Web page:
INTERVIEW: Nibali has no thoughts of retiring

Matt Jones - Editor 00:08 22/02/2017
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Vincenzo Nibali has already won more than most cyclists will in their entire careers, but the man nicknamed The Shark admits he is still hungry for more and has no plans to retire anytime soon.

At 32, the Bahrain Merida rider is part of an elite group. The Italian is one of just six cyclists to wear cycling’s Triple Crown – the Tour de France, Giro d’Italia and Vuelta a Espana Grand Tour races.

He joined the ranks of the greats with his 2014 Le Tour triumph, an honour also held by Frenchmen Jacques Anquetil and Bernard Hinault, Belgium’s Eddy Merckx, Spaniard Alberto Contador and compatriot Felice Gimondi.

At his age he still has plenty more miles on the clock, and may even be looking to chase down the likes of Merckx’s overall record of 11 Grand Tour wins.

Nibali sits joint 10th on the list of most wins, with four, alongside Switzerland’s Tony Rominger and Spain’s Roberto Heras. Fellow Italians Gimondi, Gino Bartali and Alfredo Binda, who each have five, are in his sights.

It is clear Nibali is just one of sport’s serial winners, like Roger Federer or Tom Brady. He has a deep desire to compete and succeed. It is engrained in him. Why else would he be back for another season of such gruelling punishment that cycling demands of its athletes.

“No, no, no,” Nibali replies adamantly when asked by Sport360 if he had even entertained the thought of retiring, at Bahrain Merida’s official launch in the Kingdom last month.

“It’s very simple. When I put the number on my jersey on, I want to win. If I put the numbers on my jersey I go.

“When I’m not in the best condition any more, maybe I’ll think about it (retirement) but my condition is good. I like competing and racing, and winning. I like winning at anything, even go-karts. It’s something I have inside.”

Asked what is left for him to achieve having joined the sacred six, Nibali responds: “I’m not thinking about it (why I carry on), believe me. I like to be a rider, and like to ride my bike.

“After that I think ‘Ok I win maybe one or two races’, but my spirit is cycling. I like the competition and being in the race. It makes me feel alive.”

The Shark will emerge from the water to hunt his prey on the roads of the UAE this weekend as the Abu Dhabi Tour, and a very special one at that, returns to the Emirates.

The Tour has been granted WorldTour status by the UCI in just its third version, and Nibali is one of the field’s biggest names, alongside Tour ambassador Mark Cavendish and Team Sky’s Elia Viviani.

Nibali admits he is feeling good after undergoing surgery in August to repair his collarbone, having suffered a double fracture in the road race at last summer’s Rio Olympic Games.

He was in the lead group alongside Colombia’s Sergio Henao and Poland’s Rafal Majka when both Henao and Nibali crashed on a corner on the race’s final descent of Vista Chinesa, around 10km from the finish.

Although that caused mental as well as physical torment, Nibali denied that his painful end to the season gives him extra motivation for the year ahead.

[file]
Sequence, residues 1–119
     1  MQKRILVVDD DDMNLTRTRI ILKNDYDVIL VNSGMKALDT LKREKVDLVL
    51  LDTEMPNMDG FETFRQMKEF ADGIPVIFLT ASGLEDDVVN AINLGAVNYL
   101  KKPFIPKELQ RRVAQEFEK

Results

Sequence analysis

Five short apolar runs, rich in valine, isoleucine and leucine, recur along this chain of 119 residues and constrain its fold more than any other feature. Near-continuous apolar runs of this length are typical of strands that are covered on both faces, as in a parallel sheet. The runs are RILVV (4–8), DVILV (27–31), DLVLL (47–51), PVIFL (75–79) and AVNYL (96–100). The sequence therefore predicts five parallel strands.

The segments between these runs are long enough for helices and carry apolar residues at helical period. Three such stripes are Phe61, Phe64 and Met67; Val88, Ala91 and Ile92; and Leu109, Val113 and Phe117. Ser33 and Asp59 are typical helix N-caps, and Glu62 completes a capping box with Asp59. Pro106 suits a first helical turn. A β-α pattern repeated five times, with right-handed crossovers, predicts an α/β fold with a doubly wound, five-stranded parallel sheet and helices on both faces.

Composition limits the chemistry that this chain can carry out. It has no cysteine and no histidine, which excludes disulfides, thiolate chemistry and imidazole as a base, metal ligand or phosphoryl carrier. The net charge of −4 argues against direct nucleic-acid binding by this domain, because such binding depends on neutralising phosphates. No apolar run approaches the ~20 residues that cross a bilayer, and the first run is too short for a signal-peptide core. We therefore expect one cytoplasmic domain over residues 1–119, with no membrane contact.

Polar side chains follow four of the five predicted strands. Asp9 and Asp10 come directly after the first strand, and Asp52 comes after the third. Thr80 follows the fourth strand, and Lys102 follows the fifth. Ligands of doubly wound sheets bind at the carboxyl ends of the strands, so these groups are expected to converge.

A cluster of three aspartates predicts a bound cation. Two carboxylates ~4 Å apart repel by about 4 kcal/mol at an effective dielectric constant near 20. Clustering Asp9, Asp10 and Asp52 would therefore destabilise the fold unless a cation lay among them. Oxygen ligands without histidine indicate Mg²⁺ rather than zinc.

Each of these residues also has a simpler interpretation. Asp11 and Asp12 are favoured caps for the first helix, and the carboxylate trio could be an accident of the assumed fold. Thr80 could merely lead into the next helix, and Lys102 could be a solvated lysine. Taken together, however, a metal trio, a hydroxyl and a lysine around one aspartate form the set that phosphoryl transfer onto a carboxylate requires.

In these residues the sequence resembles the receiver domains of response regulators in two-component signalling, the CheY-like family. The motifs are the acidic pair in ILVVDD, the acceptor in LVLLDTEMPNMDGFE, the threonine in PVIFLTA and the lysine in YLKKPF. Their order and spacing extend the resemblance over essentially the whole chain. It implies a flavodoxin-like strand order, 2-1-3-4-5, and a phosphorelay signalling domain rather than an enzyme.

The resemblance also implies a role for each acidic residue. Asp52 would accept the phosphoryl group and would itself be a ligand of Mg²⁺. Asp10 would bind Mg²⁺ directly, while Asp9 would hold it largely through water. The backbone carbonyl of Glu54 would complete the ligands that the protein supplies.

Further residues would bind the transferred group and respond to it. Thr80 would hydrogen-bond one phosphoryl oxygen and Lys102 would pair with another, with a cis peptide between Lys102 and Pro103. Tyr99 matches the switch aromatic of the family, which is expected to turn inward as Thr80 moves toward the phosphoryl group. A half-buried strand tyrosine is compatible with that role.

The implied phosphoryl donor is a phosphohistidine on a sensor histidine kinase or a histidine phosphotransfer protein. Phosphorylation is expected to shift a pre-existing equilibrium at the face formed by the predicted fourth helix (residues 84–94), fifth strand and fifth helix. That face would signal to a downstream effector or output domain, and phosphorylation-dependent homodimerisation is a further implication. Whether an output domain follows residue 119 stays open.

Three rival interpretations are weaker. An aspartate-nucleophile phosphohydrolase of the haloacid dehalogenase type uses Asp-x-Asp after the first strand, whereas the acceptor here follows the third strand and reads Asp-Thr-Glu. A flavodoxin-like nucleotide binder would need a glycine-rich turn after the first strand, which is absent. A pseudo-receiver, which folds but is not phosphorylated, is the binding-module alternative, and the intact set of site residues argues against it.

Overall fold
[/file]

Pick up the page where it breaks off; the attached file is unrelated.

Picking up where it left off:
“It’s part of the game. You cannot win every time,” he said.

“Losing is part of the game, this is sport. It can happen. Of course it’s a bit sad because I was going very near to winning a gold medal, but the important thing is to move on.”

Moving on is exactly what he plans to do, with a third Giro d’Italia title (he won his first in 2013 and a second in 2016) his main aim for 2017.

“Goals for the season are the Giro d’Italia. For me it’s the best goal. It’s not easy but I will try to win,” he said.

“In the future I would like to try to win the Tour de France again but for me, in this moment, it’s the Giro. It’s my favourite race, it’s in my home region. It’s a very hard race, in front of my home fans.

“It’s very important for me, but I’m not going to try to win because it’s my third time. I want to win and that’s all. I could maybe think about the history of cycling and winning a third title but for I only want to win, nothing else.”

His performance at the Giro in May will determine whether or not it is the only Grand Tour he participates in, with the Tour de France following in July and the Vuelta in August/September.

Nibali is excited, not only by his own hopes and dreams for the season ahead, but by the talented team Bahrain Merida has assembled around him.

After four successful years with Astana, the Shark said he decided to enter new waters because he would get the chance to lead an exciting new project, surrounded by stars.

“I feel like the chief, I have a responsibility,” said a clearly emotional Nibali at the team launch.

“I feel very proud to be a part of the team and the captain of this new team. Because it was built from the ground up I can choose my own team-mates too, which is important. I could have moved to a new team and been part of another team, but this team is based around me.

“It’s a good mix of youth and experience. We have not only riders who can win Grand Tours but we have good young riders who can get big results. It’s a great mix. We have many stage riders and time trial riders and sprinters.”

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